Tuesday, 15 February 2011

The Bridges of Madison County

Lowdown: The impossible love story between a married woman and a kin spirited traveller.
The Bridges of Madison County (1995) starts at the end. The adult son and daughter of a recently deceased mother review their mother’s will to learn the seemingly devoted to her husband mother (Meryl Streep) has had a love affair some time during their childhood which shaped the rest of her life. All the while they had no idea it ever took place!
Thus starts a film about missed opportunities, a film that through the depiction of a developing romance tells us that some times opportunities may not be presented to us at the right time and we just need to learn to live with that, as frustrating as that may seem. I will gladly argue that it is not atypical at all to hear such a lesson from actor/director Clint Eastwood; this type of wisdom is exactly up his street.
Then we flash back to the story itself. Streep's character, a post World War 2 migrant from Italy, lives in middle of nowhere USA (actually, Madison County) with the ex-soldier husband of hers and their kids at the farm the husband’s family lived in for more than a hundred years. Having seen what she’s seen, coming across the world to the USA, she yearns for more from life, and opportunity knocks on her door – literally – when Clint Eastwood, a National Geographic photographer assigned to cover the area’s bridges, gets lost and asks her for instructions. Streep is hospitable, Clint is a well travelled man of the world with the tools to satisfy Streep’s yearnings, and a spark is lit.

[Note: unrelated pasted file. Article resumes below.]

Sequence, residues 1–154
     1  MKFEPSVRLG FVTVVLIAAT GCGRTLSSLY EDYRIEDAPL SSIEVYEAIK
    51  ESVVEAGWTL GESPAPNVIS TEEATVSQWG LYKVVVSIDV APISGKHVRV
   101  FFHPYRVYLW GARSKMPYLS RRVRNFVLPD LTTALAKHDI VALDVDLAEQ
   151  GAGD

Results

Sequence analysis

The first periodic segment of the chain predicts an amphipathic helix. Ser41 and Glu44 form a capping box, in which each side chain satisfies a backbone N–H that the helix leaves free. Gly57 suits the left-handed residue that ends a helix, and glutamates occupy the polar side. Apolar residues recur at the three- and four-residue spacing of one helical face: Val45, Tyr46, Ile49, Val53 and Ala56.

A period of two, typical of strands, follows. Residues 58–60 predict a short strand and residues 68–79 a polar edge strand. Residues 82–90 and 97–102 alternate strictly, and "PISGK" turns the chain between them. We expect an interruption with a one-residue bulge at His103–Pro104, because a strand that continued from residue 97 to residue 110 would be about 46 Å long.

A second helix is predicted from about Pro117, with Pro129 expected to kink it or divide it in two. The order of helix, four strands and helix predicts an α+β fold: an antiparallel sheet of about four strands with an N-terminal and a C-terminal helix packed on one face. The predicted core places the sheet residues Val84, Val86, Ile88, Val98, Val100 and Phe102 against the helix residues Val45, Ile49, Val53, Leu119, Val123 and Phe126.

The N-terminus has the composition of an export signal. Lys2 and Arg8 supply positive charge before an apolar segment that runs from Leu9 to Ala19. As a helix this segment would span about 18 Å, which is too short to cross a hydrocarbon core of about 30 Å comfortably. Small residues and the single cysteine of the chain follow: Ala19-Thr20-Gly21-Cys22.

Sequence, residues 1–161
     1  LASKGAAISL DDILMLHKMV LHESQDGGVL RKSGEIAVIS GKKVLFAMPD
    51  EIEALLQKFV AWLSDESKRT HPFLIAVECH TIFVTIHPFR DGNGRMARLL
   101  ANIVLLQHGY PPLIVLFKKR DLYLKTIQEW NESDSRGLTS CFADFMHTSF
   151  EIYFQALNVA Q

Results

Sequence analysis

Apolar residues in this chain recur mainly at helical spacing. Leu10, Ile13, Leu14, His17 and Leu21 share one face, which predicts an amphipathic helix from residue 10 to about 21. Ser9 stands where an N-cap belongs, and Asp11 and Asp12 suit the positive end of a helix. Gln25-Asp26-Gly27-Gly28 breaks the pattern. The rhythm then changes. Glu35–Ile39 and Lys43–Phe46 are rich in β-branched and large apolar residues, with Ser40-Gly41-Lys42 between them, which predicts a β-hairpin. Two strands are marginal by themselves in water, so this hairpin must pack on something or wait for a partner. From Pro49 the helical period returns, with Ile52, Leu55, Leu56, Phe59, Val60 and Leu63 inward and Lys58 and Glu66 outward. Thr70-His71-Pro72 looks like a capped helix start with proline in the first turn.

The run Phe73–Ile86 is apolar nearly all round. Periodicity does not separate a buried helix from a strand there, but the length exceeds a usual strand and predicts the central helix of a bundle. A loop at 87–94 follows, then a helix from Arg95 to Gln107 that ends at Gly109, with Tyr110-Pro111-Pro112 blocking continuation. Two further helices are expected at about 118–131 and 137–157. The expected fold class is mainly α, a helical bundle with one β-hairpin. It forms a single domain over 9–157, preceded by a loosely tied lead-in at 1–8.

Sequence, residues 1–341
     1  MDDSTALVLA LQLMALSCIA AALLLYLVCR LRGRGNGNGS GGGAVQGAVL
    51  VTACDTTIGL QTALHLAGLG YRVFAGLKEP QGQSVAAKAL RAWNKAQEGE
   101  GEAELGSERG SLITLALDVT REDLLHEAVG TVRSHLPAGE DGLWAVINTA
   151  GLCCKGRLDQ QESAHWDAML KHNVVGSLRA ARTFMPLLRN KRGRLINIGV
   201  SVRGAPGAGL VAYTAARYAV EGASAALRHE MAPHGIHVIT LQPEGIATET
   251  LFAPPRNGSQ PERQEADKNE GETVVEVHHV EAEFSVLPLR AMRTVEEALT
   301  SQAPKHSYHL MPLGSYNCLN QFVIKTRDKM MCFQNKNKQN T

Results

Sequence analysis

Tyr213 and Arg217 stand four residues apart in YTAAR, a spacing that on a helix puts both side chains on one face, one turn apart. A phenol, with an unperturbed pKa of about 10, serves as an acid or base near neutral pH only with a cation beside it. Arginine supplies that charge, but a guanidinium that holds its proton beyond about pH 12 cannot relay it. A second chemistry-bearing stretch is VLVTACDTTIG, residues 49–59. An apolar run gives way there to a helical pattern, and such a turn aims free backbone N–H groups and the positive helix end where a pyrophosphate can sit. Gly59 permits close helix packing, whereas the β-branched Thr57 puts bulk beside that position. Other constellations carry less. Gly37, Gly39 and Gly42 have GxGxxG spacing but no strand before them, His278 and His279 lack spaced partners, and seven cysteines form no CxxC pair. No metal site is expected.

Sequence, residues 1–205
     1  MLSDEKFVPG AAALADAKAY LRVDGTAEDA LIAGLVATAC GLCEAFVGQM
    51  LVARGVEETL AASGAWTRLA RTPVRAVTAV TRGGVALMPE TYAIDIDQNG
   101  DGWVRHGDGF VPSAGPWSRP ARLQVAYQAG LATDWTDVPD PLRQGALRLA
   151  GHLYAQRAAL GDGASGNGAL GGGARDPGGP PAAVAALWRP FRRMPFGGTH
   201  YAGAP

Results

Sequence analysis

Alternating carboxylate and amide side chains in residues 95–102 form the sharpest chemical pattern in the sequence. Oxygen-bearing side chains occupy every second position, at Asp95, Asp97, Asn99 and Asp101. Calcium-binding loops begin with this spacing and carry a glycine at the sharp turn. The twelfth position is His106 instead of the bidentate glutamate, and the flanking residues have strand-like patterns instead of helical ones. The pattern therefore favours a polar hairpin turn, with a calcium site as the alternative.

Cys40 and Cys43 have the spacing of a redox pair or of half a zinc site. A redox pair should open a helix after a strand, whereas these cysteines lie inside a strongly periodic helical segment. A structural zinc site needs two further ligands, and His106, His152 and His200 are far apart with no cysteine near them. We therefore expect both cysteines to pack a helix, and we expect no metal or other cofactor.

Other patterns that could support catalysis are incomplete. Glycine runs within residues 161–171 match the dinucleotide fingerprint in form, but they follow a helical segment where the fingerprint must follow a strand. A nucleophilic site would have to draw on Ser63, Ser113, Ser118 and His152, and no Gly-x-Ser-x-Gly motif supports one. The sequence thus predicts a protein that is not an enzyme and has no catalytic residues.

The rest of what is to come is obvious but still very well told, albeit [too] slowly. Streep’s acting is [yet again] superb, while Eastwood reminds us again that he is a more than capable actor even without a gun to his hand. The movie’s climatic ending is riveting, and although we’re well prepared and despite the over cheesiness of it all it is nice to see the son and daughter learn from their mother’s last lesson to ensure they do not miss out on their own opportunities. You can thus say that while there is pessimism in The Bridges of Madison County’s message there is also realism mixed with optimism: sure, the life is harsh, but at least we all have tools to make the most of the hand we're given.
Best scene: Streep and Eastwood listen to a blues radio station, just because I can’t think of better ways to celebrate intimacy with a person you love.
Overall: Some aspects of this film are better than others, but this is still a grand offer from a filmmaker with one of the richest portfolios around. 3.5 out of 5 stars.

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